Exhibitors need space to sit comfortably. They will have bags and boxes. They might have display stands and pop-up banners. These need to be taken into consideration in the layout. Set up a ‘pretend’ exhibitor table and see how much floorspace it actually needs. If there are odd-shaped spaces and corners they should have alternative use: exhibitions, reading areas, kid’s drawing tables. Exhibitors should not be shoe-horned into the space.

If the venue is split into different rooms then there need to be clear signs and a layout that ensures a flow of visitors to those rooms. Perhaps the connecting corridor is an exhibition space. There should be table plans stuck to the wall at various points.

At Ideal Con there will be an information point, separate from the ticket office. The person at the information point will know where the toilets are, what time things happen, where the cashpoint is, where extra chairs can be found, if blutack is allowed, if the heating can be turned on/off. It is the ICO’s headquarters during the event.

ICO will visit the venue many times before the event. He/she will do a walk-through, imagining what it will be like for the exhibitor and the visitor alike. Where are signs needed? Where are the annoying columns? Where are the tricky bits for wheelchairs? Room plans are deceptive, and guesswork is not enough.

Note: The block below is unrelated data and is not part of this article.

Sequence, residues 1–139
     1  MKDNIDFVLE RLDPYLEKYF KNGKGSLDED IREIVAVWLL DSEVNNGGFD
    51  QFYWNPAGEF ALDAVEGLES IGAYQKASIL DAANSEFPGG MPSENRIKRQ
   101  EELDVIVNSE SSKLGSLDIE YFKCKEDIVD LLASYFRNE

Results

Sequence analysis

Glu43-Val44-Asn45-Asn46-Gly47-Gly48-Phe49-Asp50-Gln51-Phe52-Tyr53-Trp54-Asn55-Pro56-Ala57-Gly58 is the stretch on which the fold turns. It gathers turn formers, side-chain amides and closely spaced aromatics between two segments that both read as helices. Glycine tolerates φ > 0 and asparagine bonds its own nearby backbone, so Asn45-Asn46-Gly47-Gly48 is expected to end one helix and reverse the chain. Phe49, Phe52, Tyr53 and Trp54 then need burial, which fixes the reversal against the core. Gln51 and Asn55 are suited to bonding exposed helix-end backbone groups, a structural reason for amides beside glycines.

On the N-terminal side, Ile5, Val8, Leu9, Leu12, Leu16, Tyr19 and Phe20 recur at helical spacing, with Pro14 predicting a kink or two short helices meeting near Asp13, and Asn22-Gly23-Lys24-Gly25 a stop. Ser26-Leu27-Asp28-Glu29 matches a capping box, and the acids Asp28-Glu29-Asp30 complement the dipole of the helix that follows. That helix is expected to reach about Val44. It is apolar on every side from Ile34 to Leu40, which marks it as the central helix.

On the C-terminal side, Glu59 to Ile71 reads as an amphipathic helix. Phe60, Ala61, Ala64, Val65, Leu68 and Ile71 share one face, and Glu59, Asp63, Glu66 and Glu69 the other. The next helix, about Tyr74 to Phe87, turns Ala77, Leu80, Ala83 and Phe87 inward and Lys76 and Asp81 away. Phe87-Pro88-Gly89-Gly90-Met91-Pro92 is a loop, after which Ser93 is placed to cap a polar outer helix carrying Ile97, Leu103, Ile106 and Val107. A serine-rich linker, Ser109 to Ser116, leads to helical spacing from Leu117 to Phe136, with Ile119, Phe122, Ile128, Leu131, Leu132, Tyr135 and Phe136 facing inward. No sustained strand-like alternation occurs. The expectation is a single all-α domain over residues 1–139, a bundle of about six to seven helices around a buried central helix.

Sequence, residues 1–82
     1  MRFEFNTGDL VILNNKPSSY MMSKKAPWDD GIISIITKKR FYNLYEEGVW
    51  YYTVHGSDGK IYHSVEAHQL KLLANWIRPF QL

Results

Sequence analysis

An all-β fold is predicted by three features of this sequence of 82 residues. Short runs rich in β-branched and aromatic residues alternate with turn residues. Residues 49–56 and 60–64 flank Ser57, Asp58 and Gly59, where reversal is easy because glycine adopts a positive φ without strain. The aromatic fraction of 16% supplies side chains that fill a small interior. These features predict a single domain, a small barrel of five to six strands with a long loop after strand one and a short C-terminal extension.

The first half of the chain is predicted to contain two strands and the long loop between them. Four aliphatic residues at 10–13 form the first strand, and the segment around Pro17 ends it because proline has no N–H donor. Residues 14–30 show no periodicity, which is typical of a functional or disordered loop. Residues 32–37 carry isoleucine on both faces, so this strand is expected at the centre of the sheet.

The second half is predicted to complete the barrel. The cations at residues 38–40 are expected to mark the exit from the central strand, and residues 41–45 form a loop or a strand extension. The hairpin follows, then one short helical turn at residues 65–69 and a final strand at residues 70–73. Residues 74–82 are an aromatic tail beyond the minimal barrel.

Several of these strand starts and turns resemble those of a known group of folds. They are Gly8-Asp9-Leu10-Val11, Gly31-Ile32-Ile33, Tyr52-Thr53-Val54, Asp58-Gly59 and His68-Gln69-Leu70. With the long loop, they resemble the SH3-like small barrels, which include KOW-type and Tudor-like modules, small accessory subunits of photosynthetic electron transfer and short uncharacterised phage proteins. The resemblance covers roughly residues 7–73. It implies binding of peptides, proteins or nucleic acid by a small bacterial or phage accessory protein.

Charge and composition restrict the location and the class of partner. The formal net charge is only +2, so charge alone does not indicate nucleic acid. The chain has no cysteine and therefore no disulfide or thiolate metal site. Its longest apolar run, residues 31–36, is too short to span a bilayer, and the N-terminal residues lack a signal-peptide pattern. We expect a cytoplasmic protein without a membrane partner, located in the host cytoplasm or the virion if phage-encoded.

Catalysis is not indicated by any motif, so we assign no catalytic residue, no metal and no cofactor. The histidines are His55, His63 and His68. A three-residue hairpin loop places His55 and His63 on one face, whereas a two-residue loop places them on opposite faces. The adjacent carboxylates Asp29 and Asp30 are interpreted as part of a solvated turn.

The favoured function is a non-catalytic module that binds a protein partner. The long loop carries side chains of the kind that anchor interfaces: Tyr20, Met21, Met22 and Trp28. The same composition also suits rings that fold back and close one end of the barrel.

The venue will have free entry, if possible. Exhibitors are happy to pay a higher price for a guaranteed footfall. ETA: Cliodhna Lyons commented via Facebook that free entry is not always a good thing: “you want the numbers in but you also want the right people in”. A token charge will discourage those who are not really interested but not those who are interested/curious.

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Children

Children read comics. Some people make comics for children. This should be encouraged. Children are Future Punters. That middle-aged guy with the Dredd t-shirt is going to have a heart attack at some point about some continuity error or something and needs to be replaced. Ideal Con will offer exhibitors the choice to be part of a kid’s zone. There will be drawing tables with comics on them. Some simple workshops with printed handouts. Maybe the library could be involved – many have comic book reading groups.

Afterwards

There will be a pub, preferably hired for the event. The after-event pub session is one of the most important aspects for the exhibitor. Ideas are shared. Deals are made. Friendships forged. Acquaintances renewed. No loud music because then we can’t hear each other – dancing comes later. ICO will be sitting in a corner, basking in the glow of a successful event and happy exhibitors.

Timeline

  • 12 months before: announcement. Website open with booking form. Social media in place;
  • 3 months before: email to exhibitors with table plan;
  • 1 month before: publicity/social media big push;
  • 1 week before: social media goes nuts. Final email to exhibitors;
  • On the day: happy faces.

That’s my idea anyway for getting the basics right. Panels, interviews, after show parties and the other bells and whistles are only considered once these things are sorted out.

Thanks for reading all this way! Any suggestions? Comment here or tweet @davidoconnell and I’ll add them in.

3 Comments